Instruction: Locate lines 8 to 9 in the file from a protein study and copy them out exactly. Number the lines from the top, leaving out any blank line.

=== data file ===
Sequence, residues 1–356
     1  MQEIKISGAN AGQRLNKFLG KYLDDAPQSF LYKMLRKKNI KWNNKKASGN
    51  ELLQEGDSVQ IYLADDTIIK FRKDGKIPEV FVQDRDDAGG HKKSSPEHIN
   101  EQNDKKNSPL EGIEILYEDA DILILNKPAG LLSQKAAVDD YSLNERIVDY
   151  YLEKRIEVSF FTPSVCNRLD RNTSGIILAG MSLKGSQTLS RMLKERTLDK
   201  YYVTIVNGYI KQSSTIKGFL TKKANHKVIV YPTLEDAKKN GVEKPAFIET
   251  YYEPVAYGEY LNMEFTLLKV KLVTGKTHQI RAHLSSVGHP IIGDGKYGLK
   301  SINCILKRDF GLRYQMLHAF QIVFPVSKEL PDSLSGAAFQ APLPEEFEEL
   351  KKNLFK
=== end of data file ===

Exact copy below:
   301  SINCILKRDF GLRYQMLHAF QIVFPVSKEL PDSLSGAAFQ APLPEEFEEL
   351  KKNLFK